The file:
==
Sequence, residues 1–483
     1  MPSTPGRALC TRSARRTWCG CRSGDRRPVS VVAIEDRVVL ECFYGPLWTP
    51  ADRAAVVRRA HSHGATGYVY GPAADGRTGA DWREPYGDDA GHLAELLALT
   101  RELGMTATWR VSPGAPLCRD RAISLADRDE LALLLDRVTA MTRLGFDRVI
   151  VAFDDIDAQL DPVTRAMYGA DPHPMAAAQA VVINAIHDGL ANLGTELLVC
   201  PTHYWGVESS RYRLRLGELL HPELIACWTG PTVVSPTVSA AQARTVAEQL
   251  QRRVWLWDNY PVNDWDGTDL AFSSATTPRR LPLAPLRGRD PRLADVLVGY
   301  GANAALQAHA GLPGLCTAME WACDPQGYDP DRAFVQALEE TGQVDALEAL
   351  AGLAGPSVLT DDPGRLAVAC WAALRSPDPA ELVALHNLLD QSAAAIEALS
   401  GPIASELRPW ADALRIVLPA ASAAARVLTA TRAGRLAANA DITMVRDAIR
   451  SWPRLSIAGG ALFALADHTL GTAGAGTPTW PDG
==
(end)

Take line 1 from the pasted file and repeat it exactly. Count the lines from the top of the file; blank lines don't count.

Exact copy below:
Sequence, residues 1–483